Review: THE WHARF REVUE – PRIDE IN PREJUDICE at Dunstan Playhouse, Adelaide Festival Centre

Political satire at its best.

By: Apr. 08, 2024
Review: THE WHARF REVUE – PRIDE IN PREJUDICE at Dunstan Playhouse, Adelaide Festival Centre
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Reviewed by Barry Lenny, Monday 8th April 2024.

The Wharf Revue has become an Australian institution, with more than two decades of hilarious history to its credit. Nobody lampoons Australia’s politicians and major international figures better than these ‘Wharfies’, and we Aussies love to see our politicians held up for satirical scrutiny.

Written by Jonathan Biggins, Drew Forsythe, and Phillip Scott, and co-directed and performed by Biggins and Forsythe, the others in the cast are Mandy Bishop, and David Whitney, with musical director, Michael Tyack, at the piano.

It opened with a take on Jane Austen’s fictional family, renamed The Bonnets, everybody cross-dressing as Mrs. Bonnet and her two daughters, visited by Mr. Darcy, taking Pride in their Prejudices. Being wildly politically incorrect is a hallmark of these revues. Moving on, they cleverly combined Avenue Q and ABC television’s Q&A, using reworded songs from the musical, and puppets, to become Avenue Q&A, poking fun at the show, and the first tilt at our politicians.

French Demonstrators were lampooned for protesting against anything and everything at the drop of a hat, and Groucho Marx appeared singing a revamped version of Lidia, the Tattooed Lady, unmercifully sending up Lidia Thorpe, and the very mobile robot behind the Robodebt disaster put in an appearance. Trump and Giuliani certainly would not have enjoyed the sketch of them escaping from prison, but the audience loved it. In fairness, Joe Biden didn’t escape unscathed. Let’s face it, everybody loved the lampooning of Australia’s ‘Doctor NO!’, the ever-negative leader of what is left of the LNP Opposition party, Peter Dutton.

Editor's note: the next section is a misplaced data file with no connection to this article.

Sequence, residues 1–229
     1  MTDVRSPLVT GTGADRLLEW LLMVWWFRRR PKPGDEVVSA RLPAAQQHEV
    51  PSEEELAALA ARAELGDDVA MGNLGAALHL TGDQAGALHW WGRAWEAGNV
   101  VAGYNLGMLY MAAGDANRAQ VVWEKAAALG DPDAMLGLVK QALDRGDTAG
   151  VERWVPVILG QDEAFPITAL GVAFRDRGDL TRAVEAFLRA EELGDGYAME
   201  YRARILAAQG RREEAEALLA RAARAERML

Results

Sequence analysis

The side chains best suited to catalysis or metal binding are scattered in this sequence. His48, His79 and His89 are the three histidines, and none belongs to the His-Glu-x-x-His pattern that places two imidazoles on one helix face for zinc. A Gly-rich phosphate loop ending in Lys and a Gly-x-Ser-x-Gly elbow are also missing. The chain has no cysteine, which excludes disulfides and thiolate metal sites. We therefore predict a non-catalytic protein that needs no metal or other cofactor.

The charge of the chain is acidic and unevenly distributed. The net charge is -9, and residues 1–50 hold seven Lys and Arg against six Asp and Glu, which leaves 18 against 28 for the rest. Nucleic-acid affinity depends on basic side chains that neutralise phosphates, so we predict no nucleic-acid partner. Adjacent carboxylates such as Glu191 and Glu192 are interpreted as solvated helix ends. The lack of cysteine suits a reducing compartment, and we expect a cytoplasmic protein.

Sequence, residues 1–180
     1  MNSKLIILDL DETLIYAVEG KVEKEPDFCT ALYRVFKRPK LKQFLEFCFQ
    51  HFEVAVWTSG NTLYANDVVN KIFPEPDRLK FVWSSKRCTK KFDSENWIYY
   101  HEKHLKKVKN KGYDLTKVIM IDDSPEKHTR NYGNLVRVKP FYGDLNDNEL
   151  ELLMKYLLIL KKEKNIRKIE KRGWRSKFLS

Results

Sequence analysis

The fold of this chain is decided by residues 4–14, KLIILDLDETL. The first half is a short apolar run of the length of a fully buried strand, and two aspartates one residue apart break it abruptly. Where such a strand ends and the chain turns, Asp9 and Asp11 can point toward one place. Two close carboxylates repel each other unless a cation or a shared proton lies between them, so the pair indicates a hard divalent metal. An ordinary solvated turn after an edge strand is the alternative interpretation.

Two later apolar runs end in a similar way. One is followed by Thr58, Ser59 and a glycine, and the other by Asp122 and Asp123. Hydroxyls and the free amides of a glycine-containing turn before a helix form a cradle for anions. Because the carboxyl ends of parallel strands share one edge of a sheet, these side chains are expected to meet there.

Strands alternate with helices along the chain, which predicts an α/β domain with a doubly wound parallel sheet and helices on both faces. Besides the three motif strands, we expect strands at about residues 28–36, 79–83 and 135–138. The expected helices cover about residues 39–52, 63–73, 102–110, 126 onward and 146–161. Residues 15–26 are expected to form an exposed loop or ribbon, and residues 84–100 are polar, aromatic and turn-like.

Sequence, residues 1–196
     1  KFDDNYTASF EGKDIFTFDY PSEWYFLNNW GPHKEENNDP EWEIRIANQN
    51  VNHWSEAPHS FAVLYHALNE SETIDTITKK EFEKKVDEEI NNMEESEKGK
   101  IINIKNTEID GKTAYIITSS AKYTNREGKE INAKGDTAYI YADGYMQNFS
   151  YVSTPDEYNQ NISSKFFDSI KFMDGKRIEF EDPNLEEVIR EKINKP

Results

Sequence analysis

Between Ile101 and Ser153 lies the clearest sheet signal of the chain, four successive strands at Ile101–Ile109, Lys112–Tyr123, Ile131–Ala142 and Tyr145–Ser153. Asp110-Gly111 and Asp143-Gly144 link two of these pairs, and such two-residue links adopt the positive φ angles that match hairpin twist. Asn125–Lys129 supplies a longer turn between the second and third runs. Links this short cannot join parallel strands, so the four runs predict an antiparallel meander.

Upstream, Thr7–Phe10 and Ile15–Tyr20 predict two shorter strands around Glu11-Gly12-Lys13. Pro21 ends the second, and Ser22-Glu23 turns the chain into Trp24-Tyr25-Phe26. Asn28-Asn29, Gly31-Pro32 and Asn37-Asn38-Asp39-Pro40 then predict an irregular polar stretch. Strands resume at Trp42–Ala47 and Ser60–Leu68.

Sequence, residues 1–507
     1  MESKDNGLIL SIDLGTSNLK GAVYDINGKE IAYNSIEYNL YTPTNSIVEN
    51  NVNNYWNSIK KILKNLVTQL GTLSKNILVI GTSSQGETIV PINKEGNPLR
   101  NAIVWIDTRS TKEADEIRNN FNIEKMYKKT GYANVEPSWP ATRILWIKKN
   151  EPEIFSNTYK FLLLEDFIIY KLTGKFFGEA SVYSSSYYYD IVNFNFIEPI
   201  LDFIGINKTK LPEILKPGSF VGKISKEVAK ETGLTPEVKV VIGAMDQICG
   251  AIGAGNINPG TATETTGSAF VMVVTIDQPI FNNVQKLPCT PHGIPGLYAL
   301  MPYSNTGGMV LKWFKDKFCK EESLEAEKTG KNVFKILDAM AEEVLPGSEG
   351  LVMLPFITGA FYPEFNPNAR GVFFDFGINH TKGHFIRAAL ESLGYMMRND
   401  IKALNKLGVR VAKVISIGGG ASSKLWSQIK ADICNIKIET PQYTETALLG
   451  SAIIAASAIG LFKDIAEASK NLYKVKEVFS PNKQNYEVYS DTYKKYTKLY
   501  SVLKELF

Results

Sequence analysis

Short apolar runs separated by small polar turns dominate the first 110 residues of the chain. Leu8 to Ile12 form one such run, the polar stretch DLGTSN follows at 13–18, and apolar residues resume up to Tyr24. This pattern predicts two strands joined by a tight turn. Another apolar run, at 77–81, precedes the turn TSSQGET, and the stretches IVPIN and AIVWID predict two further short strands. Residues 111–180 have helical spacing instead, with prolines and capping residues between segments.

Even the children’s television favourite, Play School, was drawn into service, with Mandy Bishop as Jacqui Lambie and David Whitney as David Pocock explaining our political system. The English Royals, past and present, didn’t escape, and nor did Putin, the subject of a Russian opera. Sussan Ley just had to be there, of course, and popular television garden guru, Costa Georgiadis, delivered an environmental warning message. Even Robin Hood was called into service, with Anthony Albanese as the leader of the men in tights. It ended on a high note, borrowing from South Pacific.

Everybody would have had favourite sketches, and I particularly enjoyed Avenue Q&A, but I was very impressed by the four-part a capella vocal harmony in The Voice, the referendum to give first nations people a voice in parliament that failed due to a campaign of lies and fear-mongering by the LNP Opposition. Not every joke hit the mark but, coming thick and fast, the odd line that fell flat was soon forgotten.

Much of the comedy is in the songs, recycled from musicals, television shows, and that touch of Russian opera. Michael Tyack was kept very busy throughout, and much of the music was complex. Nobody treats Sondheim’s Company as an easy gig. The vocal skills of the four performers were exceptional.

The technical side of the production is also of considerable importance, with a wide range of costumes, designed by Hazel and Scott Fisher, the sound and video systems, by Cameron Smith, the video design, by Todd Decker, and the lighting, by Matt Cox, all being vital parts of the performance.

The audience left with smiles on their faces, and many stayed around in the foyer chatting about the show for some time after. This is another hit for the ‘Wharfies’ and a worthy addition to their long list of productions. Pride in Prejudice is only here until Saturday, so book quickly.


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